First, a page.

Study: Fast Food Has Gotten A Bit Slower

Play associated audio

Fast food, it turns out, isn't quite as fast as it used to be.

A new study finds that McDonald's posted its slowest drive-through times since this survey was first conducted 15 years ago.

At McDonald's, customers will spend on average 3 minutes and 9 seconds from the time they place their orders until they receive their food. That's about 10 seconds more than the industry average — and a lot slower than a decade ago, according to the study, which was commissioned by QSR, an industry trade publication.

And McDonald's wasn't alone in slowing down: Other chains, like Chick-fil-A, also saw their drive-through performance slow down.

Among the reasons for the more sluggish service: Today there are more choices on the menu, and the products themselves are more complex — flavored lattes, smoothies and salad bowls, for example. All of that can take longer to prepare and adds to the time spent waiting in the drive-through line.

Speed, of course, is essential to the drive-through experience, and drive-throughs are hugely important to chains such as McDonald's, Burger King and Taco Bell.

"Usually the drive-through accounts for 60 percent or 70 percent of all business that goes through a fast-food restaurant," notes Sam Oches, editor of QSR.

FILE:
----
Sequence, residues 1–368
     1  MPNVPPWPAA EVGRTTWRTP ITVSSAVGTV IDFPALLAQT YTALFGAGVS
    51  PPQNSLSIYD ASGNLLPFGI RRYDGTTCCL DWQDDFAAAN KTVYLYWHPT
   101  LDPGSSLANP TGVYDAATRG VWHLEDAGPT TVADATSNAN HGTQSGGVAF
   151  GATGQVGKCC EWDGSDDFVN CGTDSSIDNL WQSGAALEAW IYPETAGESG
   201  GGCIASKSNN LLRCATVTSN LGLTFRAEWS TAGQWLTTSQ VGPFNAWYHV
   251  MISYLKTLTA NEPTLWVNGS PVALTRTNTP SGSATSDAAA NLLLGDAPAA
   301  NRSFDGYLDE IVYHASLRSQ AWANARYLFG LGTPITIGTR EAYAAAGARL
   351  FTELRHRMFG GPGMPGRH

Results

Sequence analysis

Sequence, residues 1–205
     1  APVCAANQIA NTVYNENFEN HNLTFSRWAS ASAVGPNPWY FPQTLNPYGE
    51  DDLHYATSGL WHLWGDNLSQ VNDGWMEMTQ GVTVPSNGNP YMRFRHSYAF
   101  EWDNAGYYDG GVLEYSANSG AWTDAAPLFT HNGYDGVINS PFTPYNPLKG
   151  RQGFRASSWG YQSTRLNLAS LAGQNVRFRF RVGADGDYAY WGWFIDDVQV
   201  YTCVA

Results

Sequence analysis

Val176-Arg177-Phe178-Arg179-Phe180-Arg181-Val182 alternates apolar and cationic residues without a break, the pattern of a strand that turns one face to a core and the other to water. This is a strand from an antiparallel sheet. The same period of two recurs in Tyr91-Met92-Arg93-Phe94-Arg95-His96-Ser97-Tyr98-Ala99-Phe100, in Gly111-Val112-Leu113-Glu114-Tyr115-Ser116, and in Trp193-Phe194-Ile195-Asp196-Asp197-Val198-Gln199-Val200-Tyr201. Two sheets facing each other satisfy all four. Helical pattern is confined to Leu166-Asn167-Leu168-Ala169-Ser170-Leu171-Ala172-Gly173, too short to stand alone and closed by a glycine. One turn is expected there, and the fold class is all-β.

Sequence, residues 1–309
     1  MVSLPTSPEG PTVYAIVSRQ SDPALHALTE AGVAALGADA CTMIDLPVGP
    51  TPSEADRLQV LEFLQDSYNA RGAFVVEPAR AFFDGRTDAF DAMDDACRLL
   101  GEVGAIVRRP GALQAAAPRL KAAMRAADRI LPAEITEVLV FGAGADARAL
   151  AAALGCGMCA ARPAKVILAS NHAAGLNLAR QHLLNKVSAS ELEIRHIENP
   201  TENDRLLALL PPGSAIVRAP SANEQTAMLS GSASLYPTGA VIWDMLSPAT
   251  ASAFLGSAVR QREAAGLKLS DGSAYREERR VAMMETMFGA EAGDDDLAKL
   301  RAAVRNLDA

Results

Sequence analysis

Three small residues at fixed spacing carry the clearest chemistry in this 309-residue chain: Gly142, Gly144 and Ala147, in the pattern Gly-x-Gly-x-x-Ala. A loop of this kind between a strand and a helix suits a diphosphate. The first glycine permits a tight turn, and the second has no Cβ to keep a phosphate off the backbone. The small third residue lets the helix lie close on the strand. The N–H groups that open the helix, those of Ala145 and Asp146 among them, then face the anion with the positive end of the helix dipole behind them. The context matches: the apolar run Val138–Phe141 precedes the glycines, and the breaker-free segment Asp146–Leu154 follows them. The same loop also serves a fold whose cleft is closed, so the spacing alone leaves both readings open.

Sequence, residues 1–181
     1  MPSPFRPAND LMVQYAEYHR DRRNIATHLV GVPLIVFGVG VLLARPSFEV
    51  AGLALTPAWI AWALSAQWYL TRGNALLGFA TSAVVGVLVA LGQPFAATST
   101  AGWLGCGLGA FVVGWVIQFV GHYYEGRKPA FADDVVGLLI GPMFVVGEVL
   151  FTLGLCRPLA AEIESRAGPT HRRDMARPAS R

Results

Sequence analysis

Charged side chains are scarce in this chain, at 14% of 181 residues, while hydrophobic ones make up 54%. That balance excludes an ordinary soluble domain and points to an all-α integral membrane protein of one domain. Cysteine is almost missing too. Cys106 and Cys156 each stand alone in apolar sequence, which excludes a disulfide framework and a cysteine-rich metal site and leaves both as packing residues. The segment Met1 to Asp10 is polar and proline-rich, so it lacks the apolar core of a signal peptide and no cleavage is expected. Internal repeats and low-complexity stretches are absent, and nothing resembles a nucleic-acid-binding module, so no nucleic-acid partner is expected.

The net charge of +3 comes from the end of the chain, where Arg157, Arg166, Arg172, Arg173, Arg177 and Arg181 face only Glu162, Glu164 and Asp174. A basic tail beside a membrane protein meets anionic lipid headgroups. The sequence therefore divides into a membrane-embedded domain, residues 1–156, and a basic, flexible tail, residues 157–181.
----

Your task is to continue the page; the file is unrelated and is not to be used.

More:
Of course, consumers also want their orders prepared correctly and on that score, Oches says, "accuracy is still really high."

The American quest for speed and convenience is now prompting some so-called fast casual chains like Panera to expand their drive-through offerings.

"It's a defensive thing, if nothing else," says Bob Goldin, an executive vice president with food and restaurant industry research firm Technomic. As Goldin puts it, you don't want to lose a customer who's in a hurry.

Copyright 2013 NPR. To see more, visit http://www.npr.org/.

WAMU 88.5

Rita Dove: "Collected Poems: 1974 - 2004"

Rita Dove's poetry career has spanned more than forty years. During that time she won a Pulitzer Prize and became the first African-American poet laureate of the United States. Now she's released a new edition of collected works. Rita Dove on a life lived in verse.

NPR

U.S. To Ship Peanuts To Feed Haitian Kids; Aid Groups Say 'This Is Wrong'

On paper, the USDA's plan to send surplus peanuts to feed 140,000 malnourished Haitian schoolchildren sounds heroic. But aid groups say it could devastate Haiti's peanut farmers.
WAMU 88.5

Back From The Breach: Moving The Federal Workforce Forward

A year after a massive cyber breach compromised the databases of the Office of Personnel Management, Kojo talks with OPM Acting Director Beth Cobert about her agency and key issues facing the federal workforce.

WAMU 88.5

Why Medical Error Is The Third Leading Cause Of Death In The U.S.

New research shows medical error is the third leading cause of death in the U.S., killing more than 250,000 people a year. Why there are so many mistakes, and what can be done to improve patient safety.

Leave a Comment

Help keep the conversation civil. Please refer to our Terms of Use and Code of Conduct before posting your comments.